Wednesday, July 15, 2020



One of our biggest roles as educators, parents, mentors, and caregivers is to help the children in our care to understand and embrace their emotions; one way that we can do that is by modeling and teaching emotional regulation, one of the five Core Competencies of Social and Emotional Learning as laid out by CASEL.


Co-regulating emotions can be a difficult albeit very important job, one that might more easily be done in person, face-to-face and heart-to-heart. Since many of us will be teaching remotely, we’ve created Emotion Pops and put them in our Virtual Classroom Survival Guide to help you foster emotional literacy in your littles learners.

Simply print the feelings faces onto card stock, cut them out, and attach them to a popsicle stick or tongue depressor to make an Emotion Pop. Glue the corresponding emotion word on the stick to help children learn to name the emotion, spell it, and use it to identify how they’re feeling.


TIPS For Using Emotion Pops:  


These Emotion Pops will be the perfect addition to your morning meeting. Hold up an Emotion Pop and ask for a thumbs up from everyone who is feeling that emotion right now. Pause between feelings to validate using statements like, "Friends, it looks like seven of us are feeling happy right now." Then move on to the next feeling, again asking for thumbs up if this is something that they are feeling, then review: "So it looks like three of us are feeling sad today. I wonder what they might need from us as their friends." Move through to another feeling and continue to acknowledge that it’s a normal part of being human that feelings, which are actually a source of energy, visit us. It’s also important that children know that feelings can and will change throughout the day. Repeat the check-in until everyone has given a thumbs up to at least one emotion. 


Teach students not to label feelings as good or bad, but rather to just accept them as they are. Encourage them to invite their feelings in and make friends with them. Let each feeling stay as long as it needs to. Ask students if the picture on the Pop matches the way their faces looks when that particular feeling is choosing them. Ask: How does it look on you when you’re feeling sad? Scared? Angry? Worried? Happy? Confused? Shy? Invite them to show you how that feeling looks on their face, then practice making the feelings faces together.


Make sure children know and understand that it's possible to have two or more feelings visit at once. To punctuate that point, use the blank Emotion Pops to encourage students to draw how their face looks and feels when that happens, like when you’re hungry and angry (hangry) at the same time.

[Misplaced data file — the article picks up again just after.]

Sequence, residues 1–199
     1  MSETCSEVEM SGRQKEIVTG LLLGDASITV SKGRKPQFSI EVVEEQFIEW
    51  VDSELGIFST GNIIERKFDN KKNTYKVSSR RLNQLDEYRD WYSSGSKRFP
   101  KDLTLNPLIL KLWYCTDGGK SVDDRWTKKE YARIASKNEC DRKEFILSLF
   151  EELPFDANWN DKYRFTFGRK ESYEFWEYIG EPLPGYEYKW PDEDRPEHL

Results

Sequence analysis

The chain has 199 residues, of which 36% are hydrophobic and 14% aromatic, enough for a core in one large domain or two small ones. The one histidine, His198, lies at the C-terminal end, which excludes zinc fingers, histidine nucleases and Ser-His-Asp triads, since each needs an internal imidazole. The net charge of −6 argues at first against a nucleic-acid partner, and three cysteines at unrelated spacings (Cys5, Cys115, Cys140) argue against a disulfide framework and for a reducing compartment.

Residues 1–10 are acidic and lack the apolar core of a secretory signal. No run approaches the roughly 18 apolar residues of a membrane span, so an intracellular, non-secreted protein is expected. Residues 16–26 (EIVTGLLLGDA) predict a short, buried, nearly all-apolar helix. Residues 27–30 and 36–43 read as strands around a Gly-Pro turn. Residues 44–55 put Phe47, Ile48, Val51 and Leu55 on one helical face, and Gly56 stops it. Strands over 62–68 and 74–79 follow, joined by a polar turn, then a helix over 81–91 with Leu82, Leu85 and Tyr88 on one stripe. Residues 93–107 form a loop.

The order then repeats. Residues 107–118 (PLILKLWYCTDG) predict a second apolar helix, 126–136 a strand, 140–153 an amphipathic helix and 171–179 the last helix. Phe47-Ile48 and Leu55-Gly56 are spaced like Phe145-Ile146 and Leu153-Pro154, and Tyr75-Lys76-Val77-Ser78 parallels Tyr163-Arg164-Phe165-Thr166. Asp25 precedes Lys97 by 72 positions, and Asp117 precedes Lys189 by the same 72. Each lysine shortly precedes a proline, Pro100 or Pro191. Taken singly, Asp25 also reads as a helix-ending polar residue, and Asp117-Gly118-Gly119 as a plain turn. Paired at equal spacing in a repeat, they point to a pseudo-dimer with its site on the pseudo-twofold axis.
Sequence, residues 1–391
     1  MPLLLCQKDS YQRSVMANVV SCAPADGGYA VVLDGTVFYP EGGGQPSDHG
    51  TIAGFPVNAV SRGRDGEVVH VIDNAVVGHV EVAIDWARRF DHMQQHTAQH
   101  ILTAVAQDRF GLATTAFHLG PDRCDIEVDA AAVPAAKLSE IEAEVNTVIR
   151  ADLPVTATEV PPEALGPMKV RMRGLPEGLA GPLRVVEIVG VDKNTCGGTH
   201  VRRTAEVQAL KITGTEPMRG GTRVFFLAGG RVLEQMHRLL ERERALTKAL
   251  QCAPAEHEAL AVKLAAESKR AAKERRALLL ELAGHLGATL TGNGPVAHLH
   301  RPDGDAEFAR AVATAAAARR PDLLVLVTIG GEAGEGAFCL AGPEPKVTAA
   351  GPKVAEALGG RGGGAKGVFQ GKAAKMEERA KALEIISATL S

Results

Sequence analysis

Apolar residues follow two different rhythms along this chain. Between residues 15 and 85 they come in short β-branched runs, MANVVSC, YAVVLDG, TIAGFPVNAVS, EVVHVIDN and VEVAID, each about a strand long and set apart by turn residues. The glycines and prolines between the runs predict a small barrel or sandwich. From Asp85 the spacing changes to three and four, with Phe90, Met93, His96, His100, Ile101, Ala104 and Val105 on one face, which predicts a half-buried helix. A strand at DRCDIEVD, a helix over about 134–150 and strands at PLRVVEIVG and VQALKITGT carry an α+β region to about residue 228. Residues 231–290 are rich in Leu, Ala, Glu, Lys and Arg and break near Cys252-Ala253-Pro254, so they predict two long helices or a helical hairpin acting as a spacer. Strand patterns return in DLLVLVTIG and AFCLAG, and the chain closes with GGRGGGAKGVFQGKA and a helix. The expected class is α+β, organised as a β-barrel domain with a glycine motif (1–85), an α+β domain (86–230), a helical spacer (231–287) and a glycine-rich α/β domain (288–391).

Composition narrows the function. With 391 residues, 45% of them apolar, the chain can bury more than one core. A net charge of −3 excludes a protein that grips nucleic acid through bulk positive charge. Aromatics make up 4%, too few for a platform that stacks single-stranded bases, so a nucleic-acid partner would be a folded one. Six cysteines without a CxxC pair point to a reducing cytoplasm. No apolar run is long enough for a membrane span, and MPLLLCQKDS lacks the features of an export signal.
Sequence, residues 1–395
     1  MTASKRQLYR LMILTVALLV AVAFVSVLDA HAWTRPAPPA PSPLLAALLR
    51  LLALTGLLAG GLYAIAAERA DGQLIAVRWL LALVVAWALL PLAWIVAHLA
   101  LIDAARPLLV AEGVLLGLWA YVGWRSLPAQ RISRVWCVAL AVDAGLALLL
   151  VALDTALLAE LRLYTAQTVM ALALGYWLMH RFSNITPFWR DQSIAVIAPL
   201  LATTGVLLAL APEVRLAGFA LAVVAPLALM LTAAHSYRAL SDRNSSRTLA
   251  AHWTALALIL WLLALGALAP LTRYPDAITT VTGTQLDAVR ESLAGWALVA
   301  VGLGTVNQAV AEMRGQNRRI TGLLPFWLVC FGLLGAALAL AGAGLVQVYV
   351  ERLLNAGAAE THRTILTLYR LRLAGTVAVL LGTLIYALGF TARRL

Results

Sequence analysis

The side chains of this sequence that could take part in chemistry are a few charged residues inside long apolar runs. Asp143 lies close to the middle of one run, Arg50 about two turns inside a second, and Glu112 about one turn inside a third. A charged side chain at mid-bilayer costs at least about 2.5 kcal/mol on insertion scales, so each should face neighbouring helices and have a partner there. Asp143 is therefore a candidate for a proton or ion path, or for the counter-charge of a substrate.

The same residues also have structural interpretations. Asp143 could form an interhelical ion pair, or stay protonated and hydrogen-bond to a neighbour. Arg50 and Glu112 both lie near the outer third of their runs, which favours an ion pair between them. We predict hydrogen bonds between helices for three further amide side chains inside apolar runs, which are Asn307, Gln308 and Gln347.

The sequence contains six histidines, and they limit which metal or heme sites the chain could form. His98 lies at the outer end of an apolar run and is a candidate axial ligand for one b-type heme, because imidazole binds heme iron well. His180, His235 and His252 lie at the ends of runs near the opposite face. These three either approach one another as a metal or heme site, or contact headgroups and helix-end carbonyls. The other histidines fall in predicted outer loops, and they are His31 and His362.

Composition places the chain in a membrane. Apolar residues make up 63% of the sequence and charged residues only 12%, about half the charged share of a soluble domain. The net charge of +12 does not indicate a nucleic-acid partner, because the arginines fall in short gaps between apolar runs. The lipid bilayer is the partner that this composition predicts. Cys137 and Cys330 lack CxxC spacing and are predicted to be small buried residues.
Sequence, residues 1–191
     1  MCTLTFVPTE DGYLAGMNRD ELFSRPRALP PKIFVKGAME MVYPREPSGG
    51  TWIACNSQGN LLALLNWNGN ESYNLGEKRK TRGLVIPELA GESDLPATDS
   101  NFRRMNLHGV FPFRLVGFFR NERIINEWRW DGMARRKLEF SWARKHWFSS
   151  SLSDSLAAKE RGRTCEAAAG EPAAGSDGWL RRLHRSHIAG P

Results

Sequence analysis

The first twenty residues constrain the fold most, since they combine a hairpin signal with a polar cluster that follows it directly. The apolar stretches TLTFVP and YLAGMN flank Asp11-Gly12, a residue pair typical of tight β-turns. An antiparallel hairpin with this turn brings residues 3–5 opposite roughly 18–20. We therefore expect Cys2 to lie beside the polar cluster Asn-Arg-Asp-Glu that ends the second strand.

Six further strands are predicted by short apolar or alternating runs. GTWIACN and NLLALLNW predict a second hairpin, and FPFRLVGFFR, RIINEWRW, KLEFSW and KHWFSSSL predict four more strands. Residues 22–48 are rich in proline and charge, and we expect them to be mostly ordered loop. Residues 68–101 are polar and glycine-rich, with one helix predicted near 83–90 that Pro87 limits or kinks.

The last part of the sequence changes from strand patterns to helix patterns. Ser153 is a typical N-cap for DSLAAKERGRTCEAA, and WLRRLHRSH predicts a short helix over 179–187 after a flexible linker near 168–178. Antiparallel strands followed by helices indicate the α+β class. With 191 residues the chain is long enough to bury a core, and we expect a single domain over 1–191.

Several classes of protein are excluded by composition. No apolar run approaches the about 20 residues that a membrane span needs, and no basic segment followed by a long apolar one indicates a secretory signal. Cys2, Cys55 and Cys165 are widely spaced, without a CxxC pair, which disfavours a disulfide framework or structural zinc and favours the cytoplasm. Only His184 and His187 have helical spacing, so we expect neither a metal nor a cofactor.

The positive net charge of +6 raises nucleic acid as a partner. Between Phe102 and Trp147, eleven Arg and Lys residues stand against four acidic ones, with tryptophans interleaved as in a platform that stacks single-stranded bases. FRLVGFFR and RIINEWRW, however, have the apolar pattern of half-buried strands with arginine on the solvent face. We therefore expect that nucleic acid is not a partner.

Set time aside to talk about how our bodies express the feelings. What happens to our foreheads, eyes, mouths, jaws, cheeks, arms, hands, stomachs, feet when we're angry? How about when we're sad? When we're happy? How about when we're confused, embarrassed, scared or any of the other feelings?


Choose a feeling to be your focus feeling of the day. Watch for people who are feeling that way. Talk about what it takes to get all the way through that feeling. Think about a show, a movie, or a story when the character felt this feeling. Was it big or small? Was it easy or difficult? Was it soft or hard? What color was it? There are no wrong answers here, so set aside ample time to explore all of their emotions.


Emotion Pops are especially useful right now in helping children understand how to read emotions when a part of our faces is covered. Use the sticky part at the top of a Post-It note to make a fun face covering. Ask: Can we tell how someone is feeling just by their eyes and through their body language? Encourage students to explore how their own eyes look, what happens to the muscles in their forehead and brow, how their cheeks look and feel, what their shoulders do, how their hands feel, how their stomach feels through all of the emotions, to foster emotional regulation as well as to elevate empathy.


Use Emotion Pops for empathy development by asking when they've seen someone else going through that feeling. Maybe it was during a read-aloud; research shows that reading fiction helps elevate empathy. Ask: What happened in the story? How was the character feeling? How could you tell? What was it like for that character when sadness (or whatever feeling you’re discussing) visited? What did that character want or need while that feeling was visiting? What do you want or need when you’re having a similar feeling?


When you’re back in a classroom again, you could laminate a set of the Emotion Pops and put them on an O ring in a Calming Corner so that your students have access to them as they work to understand their emotions. They could also be put onto a lanyard to make them portable for when a student who might need them travels to another part of the school for specials class, 

recess, or lunch.                         

Enjoy singing this little ditty with your songsters; encourage them to add movements and to practice their feeling face after each emotion word. 


I know that you'll definitely want to check out Barbara's book and blogspot!